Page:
This is the third year for WHS to host the SCOBDA Honor Band auditions.  When speaking with Band Director Everett Hodges, he stated he thought this year went great.  “We had 9 students qualify, 4 of which in High School, 3 junior high qualifiers, and 2 seventh grade band members. There were roughly 500 kids in attendance during the auditions, from about 20 different schools,” Hodges mentioned.   He also noted how appreciative he was to WHS and its faculty for making the auditions run smoothly each year. 

Students qualifying from Waurika were:  7th graders Alexia Henry (flute) and Trish Julian (trumpet), 8th grader Hannah Lamons (trumpet); freshmen Kaytlyn Williams (flute) and Mallory Adkins (flute); sophomores Hope Cummings, Regena Bradley, Brooklyn Barnes (all clarinet), and senior Emily Waid (baritone).  

The SCOBDA, or South-Central Oklahoma Band Director’s Association, Honor Band clinic will take place January 11-12 in Marietta, with both jr high and high school concerts taking place on Saturday the 12th.

Terral News and Happenings May 2 2019

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Quote of the day- “Thousands of candles can be lighted from a single candle and the life of the candle will not be shortened. Happiness never decreases by being shared.” Buddha

Terral School – May 1st will be the end of the year field trip for grades 5th- 8th they will be traveling to OKC for the Dodgers Game. May 2nd will be the end of year field trip for 3 years old through 4th grade going to the Nocona Park in Nocona Texas. May 3rd they will not have school. May 6th will be our board meeting at 4:00 p.m. May 7th is our graduation. May 8th is our field day for 5th through 8th grades. May 9th we will not have school- Professional Day. May 10th is our awards ceremony at 9:00 a.m. and the last day of school.

FBC Girls in Action Group – School is almost out and we will be out for the Summer also. Last day for our kids or Christ is May 8th. We are gearing up for our Mother’s Appreciation Breakfast on May 11th. We will be finishing up our study of Super-Heroes soon. End of the Year Pool Party will be announced as soon as scheduled. Special Thanks to everyone who supported us this year.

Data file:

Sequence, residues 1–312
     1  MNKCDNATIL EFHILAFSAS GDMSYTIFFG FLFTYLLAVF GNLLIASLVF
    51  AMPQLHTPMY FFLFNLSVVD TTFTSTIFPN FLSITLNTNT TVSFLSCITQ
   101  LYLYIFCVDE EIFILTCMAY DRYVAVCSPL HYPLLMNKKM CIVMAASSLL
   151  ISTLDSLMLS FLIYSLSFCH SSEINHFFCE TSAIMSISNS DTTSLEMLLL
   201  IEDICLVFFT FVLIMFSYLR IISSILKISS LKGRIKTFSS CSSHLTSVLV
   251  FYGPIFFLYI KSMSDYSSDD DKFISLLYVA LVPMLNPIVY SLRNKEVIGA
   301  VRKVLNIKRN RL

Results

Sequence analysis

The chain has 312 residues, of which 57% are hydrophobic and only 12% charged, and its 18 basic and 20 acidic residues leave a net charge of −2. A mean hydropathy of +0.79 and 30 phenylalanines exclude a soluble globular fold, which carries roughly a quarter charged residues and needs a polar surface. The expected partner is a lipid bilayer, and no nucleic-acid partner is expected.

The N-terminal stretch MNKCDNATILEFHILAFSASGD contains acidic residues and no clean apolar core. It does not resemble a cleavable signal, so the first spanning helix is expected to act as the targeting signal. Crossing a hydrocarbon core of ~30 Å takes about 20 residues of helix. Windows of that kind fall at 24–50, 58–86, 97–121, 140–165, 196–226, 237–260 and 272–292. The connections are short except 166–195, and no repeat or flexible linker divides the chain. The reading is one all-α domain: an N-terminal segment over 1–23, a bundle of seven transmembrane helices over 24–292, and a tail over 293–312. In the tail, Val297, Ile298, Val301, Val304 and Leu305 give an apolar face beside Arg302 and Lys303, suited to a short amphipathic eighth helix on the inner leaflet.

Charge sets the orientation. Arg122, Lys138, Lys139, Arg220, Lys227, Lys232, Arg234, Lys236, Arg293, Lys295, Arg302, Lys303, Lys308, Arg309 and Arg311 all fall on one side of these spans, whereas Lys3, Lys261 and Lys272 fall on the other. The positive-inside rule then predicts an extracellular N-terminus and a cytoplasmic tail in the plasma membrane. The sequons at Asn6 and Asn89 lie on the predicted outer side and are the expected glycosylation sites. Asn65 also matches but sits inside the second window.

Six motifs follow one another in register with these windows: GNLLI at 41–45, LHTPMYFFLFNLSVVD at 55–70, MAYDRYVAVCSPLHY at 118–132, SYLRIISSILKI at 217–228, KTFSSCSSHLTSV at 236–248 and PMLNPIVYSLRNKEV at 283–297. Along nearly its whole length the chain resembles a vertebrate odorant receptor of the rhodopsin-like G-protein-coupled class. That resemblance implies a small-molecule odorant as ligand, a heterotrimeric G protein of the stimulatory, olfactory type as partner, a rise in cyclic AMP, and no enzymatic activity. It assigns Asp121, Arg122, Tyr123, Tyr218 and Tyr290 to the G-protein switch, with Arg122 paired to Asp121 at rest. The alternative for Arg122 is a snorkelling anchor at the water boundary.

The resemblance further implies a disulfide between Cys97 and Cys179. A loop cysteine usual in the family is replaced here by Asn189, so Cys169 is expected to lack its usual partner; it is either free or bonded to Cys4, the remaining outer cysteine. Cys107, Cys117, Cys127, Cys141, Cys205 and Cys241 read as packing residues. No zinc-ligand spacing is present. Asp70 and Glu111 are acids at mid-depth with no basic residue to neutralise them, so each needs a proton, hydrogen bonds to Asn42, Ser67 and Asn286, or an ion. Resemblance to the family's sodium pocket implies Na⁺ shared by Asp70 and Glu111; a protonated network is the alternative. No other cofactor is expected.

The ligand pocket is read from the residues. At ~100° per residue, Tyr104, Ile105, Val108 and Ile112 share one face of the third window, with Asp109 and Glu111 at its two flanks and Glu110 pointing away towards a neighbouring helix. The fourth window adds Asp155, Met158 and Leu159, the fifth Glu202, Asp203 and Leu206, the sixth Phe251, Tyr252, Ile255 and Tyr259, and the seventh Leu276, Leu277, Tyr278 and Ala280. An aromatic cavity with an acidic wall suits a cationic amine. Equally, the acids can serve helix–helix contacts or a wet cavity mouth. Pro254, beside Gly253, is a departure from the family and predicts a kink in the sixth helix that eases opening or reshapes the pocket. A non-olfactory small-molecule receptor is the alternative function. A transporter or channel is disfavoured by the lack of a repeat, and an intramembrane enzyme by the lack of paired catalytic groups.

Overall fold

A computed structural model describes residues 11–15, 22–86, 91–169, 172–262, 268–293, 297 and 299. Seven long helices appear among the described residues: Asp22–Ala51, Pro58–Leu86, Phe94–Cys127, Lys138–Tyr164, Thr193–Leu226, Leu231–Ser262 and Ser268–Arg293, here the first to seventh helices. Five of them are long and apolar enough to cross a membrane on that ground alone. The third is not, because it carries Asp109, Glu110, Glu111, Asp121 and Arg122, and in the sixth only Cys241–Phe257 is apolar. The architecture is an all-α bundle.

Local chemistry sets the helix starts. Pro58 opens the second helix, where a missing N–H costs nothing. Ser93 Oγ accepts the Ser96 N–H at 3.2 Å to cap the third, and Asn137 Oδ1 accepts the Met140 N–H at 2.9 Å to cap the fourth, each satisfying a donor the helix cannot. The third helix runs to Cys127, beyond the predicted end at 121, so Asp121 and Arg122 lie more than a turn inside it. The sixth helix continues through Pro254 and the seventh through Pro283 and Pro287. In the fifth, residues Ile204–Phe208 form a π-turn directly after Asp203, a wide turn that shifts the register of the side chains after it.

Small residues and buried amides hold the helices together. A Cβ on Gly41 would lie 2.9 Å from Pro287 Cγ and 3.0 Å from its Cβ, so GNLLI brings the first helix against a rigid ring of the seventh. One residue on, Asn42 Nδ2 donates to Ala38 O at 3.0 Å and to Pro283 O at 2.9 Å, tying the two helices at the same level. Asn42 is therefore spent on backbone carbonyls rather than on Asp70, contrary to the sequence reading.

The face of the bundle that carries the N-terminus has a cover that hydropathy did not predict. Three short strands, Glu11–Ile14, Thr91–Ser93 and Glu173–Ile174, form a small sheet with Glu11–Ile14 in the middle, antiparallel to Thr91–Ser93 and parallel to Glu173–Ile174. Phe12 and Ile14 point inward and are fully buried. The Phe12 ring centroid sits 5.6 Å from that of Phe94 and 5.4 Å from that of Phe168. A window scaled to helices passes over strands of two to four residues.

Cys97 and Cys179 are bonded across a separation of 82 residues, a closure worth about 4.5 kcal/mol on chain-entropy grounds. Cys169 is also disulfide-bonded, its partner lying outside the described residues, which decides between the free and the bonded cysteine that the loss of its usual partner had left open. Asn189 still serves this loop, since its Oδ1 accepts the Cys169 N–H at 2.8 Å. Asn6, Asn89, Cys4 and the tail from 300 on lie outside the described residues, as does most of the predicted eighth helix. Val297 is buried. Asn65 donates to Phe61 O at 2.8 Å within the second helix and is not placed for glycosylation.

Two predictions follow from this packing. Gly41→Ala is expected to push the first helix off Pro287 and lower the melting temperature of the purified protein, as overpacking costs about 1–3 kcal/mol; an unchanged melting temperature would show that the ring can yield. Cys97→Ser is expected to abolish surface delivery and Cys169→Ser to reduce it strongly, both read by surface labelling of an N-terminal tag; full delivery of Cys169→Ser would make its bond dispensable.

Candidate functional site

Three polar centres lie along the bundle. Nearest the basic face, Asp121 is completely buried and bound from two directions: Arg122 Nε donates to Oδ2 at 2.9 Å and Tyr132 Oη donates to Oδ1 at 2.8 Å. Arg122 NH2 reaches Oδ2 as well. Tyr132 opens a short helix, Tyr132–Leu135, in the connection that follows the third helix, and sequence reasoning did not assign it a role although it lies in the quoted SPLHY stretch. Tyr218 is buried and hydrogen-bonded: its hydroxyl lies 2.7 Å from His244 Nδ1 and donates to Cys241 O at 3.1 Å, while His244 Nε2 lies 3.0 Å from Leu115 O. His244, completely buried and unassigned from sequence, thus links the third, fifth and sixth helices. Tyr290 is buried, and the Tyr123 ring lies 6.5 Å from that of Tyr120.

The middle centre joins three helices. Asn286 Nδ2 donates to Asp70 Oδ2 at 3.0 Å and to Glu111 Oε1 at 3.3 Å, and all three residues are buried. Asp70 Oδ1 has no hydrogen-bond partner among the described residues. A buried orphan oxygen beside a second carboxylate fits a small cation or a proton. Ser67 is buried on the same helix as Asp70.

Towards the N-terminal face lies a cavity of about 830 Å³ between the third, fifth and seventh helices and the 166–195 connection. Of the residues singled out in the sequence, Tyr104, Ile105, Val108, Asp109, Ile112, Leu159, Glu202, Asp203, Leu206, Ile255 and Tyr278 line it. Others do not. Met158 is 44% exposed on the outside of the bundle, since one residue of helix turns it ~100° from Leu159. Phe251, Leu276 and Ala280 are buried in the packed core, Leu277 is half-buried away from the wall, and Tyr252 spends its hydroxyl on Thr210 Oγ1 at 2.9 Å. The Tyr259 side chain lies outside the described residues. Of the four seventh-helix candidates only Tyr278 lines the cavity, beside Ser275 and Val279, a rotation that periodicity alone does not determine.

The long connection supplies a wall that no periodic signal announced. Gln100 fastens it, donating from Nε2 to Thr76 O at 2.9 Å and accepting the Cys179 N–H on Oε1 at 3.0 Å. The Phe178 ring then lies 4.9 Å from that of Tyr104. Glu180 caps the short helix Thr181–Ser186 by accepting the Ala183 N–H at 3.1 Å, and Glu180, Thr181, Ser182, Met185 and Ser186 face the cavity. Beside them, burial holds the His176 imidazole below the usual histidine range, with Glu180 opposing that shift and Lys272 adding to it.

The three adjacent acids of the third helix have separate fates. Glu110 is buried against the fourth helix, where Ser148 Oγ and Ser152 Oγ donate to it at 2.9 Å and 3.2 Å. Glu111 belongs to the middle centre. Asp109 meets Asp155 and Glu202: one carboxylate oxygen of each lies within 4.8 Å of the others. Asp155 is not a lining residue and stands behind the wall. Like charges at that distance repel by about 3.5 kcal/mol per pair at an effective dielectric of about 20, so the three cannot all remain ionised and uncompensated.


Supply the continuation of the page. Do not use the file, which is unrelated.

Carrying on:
Terral Alumni Association – Attention All Students: It is time to apply for Terral Alumni Scholarships. The deadline is May 3, 2019, and the application must be postmarked on or before that date to be considered. The following are eligible to apply: 1)Have graduated or will be graduating from Ryan High School. 2) Are attending or will be attending an accredited institution of higher learning full-time, 12 hours per semester. 3) Reside in the Terral, Oklahoma school district. Terral Alumni does not discriminate in its scholarship program on the basis of race. The committee will be making the final decision for the scholarship in May. The applicant receiving this scholarship must be enrolled and confirmed by the institution’s registrar before the check is mailed directly to the institution in the Fall and in the Spring. If you have not received a scholarship application in the mail and are interested in applying, please contact Karen Gunter, 580-437-2347, Thanks- Johnny Reynolds, President.